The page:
Batterie Mirus is probably the most well known of the German gun batteries in the Channel Islands. Probably because it was the largest on any of the Channel Islands.
The name of the gun batterie was in honor of Kapitan-zur-See Rolf Mirus, who was killed in 1941 while sailing between Guernsey and Alderney.
They had a range of 51km (31.5 miles). The image below shows the impact this could have on shipping in the area.
If you have read some of my tweets and blog posts you will be familiar with the Germans taking captured equipment and reusing it themselves. This is features in a number of aspects of the construction of the battery itself.
The 30.5cm (12 inch) guns themselves had a couple of previous owners including a short period with the Germans. Originally they were the main armament of a Russian battleship captured by the Germans and then returned to the Russians at the end of the First World War. After the battleship was broken up in the mid 1930s the guns were placed in storage before being pressed into use in the Russo-Finnish war. Captured by the Germans they were sent back to Germany to be reconditioned. Then onwards to Guernsey.
As you can imagine they were not easy to transport at any stage of the journey. Arriving at St Peter Port on barges a special crane was required to lift them. 50 ton guns will not be easy to move.
What was required was a crane with a large lifting capacity. The Germans had captured one from the French, the barge ANTEE, with a tested lifting capacity of 100 tons. This was dispatched from France to Guernsey and can be seen in the photographs below.
The next problem was transporting them, for which 48 wheeled trailers were used. If you are familiar with Guernsey roads you will know that they are often quite narrow and not particularly straight. The dotted lines on the Google Map below show where the harbour at St Peter Port is and then the location of the Batterie Mirus which is in the Guernsey countryside at the far end of the Island.
Some junctions such as the one shown below had to be widened to enable the trailers to get through. The pictures below show some of the challenges they faced.
You can see from the photograph below the difficulties in navigating the guns through the narrow lanes once they reached the area near the gun pits.
Once at the sites they then had the problem of lifting the guns into place. This was achieved using the massive cranes that you can see in the pictures below. You can see from looking at the people in the photographs the scale of the guns.
An incredible 45,000 cubic metres of concrete were used in construction of the four gun pits and supporting buildings.
Once completed it was disguised as a house. This was an attempt to hide it from reconnaissance flights. In reality the Allies were well aware of the construction because of photo reconnaissance missions during the course of construction.
I found an interesting account “The Grower’s Tale” in the June-July 2014 edition of “Shore to Shore” a magazine for the Parishes of St. Saviours & the Forest.
The first that Renaut de Garis knew that these guns were coming to stay, was when his brand new brick house, La Croix in La Vieille Rue, was requisitioned. He and his pregnant wife were moved down to the Grand Douit behind Perelle. La Croix was given a reinforced first floor: steel beams and a foot of concrete; and the Commander of the gun battery moved in.“The Grower’s Tale” in the June-July 2014 edition of “Shore to Shore” a magazine for the Parishes of St. Saviours & the Forest.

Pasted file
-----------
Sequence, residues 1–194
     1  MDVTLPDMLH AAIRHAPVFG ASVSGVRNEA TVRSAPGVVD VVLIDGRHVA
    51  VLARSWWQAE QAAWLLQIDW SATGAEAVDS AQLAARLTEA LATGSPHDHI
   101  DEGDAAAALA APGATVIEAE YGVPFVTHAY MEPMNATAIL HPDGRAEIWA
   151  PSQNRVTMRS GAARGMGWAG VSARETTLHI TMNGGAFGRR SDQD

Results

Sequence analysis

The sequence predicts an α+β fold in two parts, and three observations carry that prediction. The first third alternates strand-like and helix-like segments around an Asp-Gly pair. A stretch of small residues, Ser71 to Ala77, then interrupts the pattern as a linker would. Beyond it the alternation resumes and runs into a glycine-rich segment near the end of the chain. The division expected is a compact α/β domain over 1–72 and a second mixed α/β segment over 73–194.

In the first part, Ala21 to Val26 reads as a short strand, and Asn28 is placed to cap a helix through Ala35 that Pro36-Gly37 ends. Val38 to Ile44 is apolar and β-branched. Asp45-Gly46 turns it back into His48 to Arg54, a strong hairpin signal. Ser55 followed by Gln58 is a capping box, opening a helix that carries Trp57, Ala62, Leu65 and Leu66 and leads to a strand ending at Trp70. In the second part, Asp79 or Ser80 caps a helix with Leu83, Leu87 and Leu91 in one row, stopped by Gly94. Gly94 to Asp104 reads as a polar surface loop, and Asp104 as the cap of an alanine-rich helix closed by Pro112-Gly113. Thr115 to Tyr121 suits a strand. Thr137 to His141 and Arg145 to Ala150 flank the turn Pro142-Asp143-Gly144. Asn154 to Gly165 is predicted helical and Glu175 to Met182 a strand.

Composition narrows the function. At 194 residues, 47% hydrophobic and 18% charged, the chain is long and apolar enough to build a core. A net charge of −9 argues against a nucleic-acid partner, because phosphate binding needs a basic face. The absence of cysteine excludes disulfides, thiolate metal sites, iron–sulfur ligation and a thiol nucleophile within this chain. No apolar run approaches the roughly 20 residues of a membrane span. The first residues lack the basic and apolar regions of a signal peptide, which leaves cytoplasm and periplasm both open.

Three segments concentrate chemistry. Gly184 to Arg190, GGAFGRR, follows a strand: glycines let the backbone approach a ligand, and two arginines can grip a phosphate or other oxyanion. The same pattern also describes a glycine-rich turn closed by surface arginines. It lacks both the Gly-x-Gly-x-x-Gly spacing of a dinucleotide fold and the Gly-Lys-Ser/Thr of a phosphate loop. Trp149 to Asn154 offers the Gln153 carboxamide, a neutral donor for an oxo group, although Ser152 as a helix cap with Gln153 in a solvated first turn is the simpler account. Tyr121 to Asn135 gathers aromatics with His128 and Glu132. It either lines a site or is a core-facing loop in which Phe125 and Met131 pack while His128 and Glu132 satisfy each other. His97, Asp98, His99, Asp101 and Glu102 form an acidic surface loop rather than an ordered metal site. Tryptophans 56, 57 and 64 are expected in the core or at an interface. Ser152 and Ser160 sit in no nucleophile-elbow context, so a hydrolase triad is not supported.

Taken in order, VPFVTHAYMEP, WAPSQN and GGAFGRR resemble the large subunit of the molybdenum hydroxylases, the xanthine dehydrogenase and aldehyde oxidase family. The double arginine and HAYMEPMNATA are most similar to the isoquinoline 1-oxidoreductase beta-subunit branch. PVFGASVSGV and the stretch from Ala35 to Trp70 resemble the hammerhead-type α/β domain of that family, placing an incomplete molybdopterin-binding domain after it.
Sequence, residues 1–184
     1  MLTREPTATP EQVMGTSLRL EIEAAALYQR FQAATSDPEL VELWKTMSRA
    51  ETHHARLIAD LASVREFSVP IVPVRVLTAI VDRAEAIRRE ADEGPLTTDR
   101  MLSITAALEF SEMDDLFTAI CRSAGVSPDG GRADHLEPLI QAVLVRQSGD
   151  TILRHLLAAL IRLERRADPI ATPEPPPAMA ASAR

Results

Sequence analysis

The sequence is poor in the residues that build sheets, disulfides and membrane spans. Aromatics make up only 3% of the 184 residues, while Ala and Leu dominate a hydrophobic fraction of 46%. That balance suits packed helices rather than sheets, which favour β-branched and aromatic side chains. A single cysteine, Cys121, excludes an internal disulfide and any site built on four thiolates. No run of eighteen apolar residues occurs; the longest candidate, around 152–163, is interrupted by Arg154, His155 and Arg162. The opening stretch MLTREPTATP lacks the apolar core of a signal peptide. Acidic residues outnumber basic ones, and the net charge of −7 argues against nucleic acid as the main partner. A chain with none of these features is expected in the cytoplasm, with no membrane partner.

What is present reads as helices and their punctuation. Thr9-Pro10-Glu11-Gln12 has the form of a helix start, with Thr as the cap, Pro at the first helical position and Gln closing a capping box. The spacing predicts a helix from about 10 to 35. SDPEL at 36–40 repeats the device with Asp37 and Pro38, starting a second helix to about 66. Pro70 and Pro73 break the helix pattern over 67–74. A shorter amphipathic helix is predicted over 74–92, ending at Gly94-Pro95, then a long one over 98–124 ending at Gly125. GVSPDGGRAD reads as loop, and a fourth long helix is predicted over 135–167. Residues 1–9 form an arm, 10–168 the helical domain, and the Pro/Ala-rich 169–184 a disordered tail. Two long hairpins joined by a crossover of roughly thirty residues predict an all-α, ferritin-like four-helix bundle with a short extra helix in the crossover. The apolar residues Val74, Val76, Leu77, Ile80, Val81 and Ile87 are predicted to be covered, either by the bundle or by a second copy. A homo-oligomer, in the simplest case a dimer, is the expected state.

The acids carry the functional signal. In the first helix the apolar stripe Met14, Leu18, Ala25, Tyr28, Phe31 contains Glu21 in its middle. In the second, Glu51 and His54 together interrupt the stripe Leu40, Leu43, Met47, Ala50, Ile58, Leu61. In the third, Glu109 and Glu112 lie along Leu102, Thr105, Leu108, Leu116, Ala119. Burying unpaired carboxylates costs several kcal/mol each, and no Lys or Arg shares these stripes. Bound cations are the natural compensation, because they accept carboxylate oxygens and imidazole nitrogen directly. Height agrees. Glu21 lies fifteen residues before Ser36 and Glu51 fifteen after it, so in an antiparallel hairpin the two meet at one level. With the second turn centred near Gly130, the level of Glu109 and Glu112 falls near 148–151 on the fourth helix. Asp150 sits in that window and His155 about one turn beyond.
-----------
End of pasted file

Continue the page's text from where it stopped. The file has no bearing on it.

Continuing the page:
Interviewed in 2009 aged 95 (he was 100 this May), Renaut remembered it all: “They were Spaniards building the battery, we called them Morroccans. Some of them were quite refined people. They were treated terribly, poor devils. Soupe d’Atlantique, they called the food they gave them, it was just water really. Disgusting.
In the winter they wrapped cement sacks round their feet to try and keep them warm. If British planes were overhead, the Germans would cut all the lights at their building sites, but not the power to the concrete mixers. Those huge mixers just ran and ran, night and day.
After they had built the battery they covered it all back with earth again. There used to be a little valley there, and now it’s flat. When they were going to test the [Number 2] Mirus gun the first time, most people didn’t want to go. The shock of the detonation was tremendous. I had my young son in my arms at the time… I saw his cheeks rippling with the shock wave. I had three greenhouses and they were just lifted up and moved sideways. The glass was like snow on the ground.
Below is a video from YouTube which shows the transport issues and firing.
The guns were fired numerous times from 13 April 1942 onwards.
When they were test fired large numbers of the population had to move out of the area and much disruption was caused. One can only imagine what happened when they were fired without warning. The picture below is from a document I found in the Island Archives relating to restrictions on test firing.
The Guns were removed after the war as part of the scrap drive. You can see below a photograph of the site maintained by Festung Guernsey. Don’t be fooled by the photograph this is a massive site. The video at the end of the blog will help you appreciate just how big this site is.
Below is a great video with an overview of the site.
If you want to learn more about the Batterie Mirus and visit the site of one of the guns I highly recommend the tour that is run by Tours of Guernsey around the site maintained by Festung Guernsey. I recently took the excellent tour and posted about it below. If you go on the tour you will find out far more than I can write in a blog post. Plus nothing is as good as walking the ground!
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© Nick Le Huray